A particularly promising new trend in civic engagement is Effective Altruism. This movement is devoted to using well-reasoned, evidence-based approaches to find the most effective ways to improve the world, especially through charitable giving. Prominent notables are turning to Effective Altruism as the most reason-based, rational strategy of giving. Effective Altruism is endorsed by famous philosophers such as Peter Singer.

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Practical Take-Aways

What are the practical takeaways here? Whether you are a believer or secular, to gain a greater sense of purpose and meaning in life it helps to participate in civic engagement with others from your community. It might be more challenging if you are a non-believer, but there are plenty of local secular groups around the United States that offer opportunities to contribute to social justice on a local level. Take the initiative to push your local communities to do service for the social good. You will likely help yourself and others find a more powerful perception of life meaning, increase mental and physical well-being for yourself and others, and you can gain greater agency through achieving your personal and social goals. Here, altruism and self-orientation combine for the win!

  • Have you done any volunteering with others in your social circle?
  • If so, what benefits do you think you gained?
  • If not, what are practical steps you can take to help yourself and others in your social circle engage in social service activities?

Featured photo credit: Community via flickr.com

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Dr. Gleb Tsipursky

President and Co-Founder at Intentional Insights; Disaster Avoidance Consultant

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Last Updated on May 17, 2019

This Is What Happens When You Move Out Of the Comfort Zone

This Is What Happens When You Move Out Of the Comfort Zone

The pursuit of worthwhile goals is a part of what makes life enjoyable. Being able to set a goal, then see yourself progress towards achieving that goal is an amazing feeling.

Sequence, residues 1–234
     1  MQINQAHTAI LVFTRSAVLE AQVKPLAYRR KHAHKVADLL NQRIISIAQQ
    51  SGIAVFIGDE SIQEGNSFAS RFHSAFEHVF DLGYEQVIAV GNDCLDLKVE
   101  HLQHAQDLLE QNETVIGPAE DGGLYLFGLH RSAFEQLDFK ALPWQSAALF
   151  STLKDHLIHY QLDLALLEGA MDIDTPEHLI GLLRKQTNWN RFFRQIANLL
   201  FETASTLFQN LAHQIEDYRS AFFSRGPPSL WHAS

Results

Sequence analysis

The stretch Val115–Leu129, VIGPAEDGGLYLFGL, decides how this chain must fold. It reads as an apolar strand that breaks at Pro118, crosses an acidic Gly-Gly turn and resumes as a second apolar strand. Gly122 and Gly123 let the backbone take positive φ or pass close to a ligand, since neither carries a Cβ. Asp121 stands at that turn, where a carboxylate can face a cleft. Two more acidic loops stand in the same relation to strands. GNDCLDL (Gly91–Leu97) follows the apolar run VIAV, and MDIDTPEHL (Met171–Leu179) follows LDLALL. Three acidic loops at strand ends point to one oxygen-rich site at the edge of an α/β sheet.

But do you know the biggest obstacle for most people trying to achieve their goals, the silent dream killer that stops people before they ever even get started? That obstacle is the comfort zone, and getting stuck there is bound to derail any efforts you make towards achieving the goals you’ve set for yourself.

If you want to achieve those goals, you’ll have to break free from your comfort zone. Let’s take a look at how your life will change once you build up the courage to leave your comfort zone.

What Is the Comfort Zone?

The comfort zone is defined as “a behavioural state within which a person operates in an anxiety-neutral condition, using a limited set of behaviours to deliver a steady level of performance.”

What stands out to me the most about that definition is the last part: “using a limited set of behaviours to deliver a steady level of performance.” How many successful people do you know who deliver a steady level of performance?

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The goal in life is to continually challenge yourself, and continually improve yourself. And in order to do that, you have move out of your comfort zone. But once you do, your life will start to change in ways you could never have imagined. I know because it’s happening right now in my own life.

Here’s what I’ve learned.

1. You will be scared

Leaving your comfort zone isn’t easy. In fact, in can be downright terrifying at times, and that’s okay. It’s perfectly normal to feel a little trepidation when you’re embarking on a journey that forces you to try new things.

So don’t freak out or get overwhelmed when you feel yourself getting a little scared. It’s perfectly normal and all part of the process. What’s important is that you don’t let that fear hold you back. You must continue to take action in the face of fear.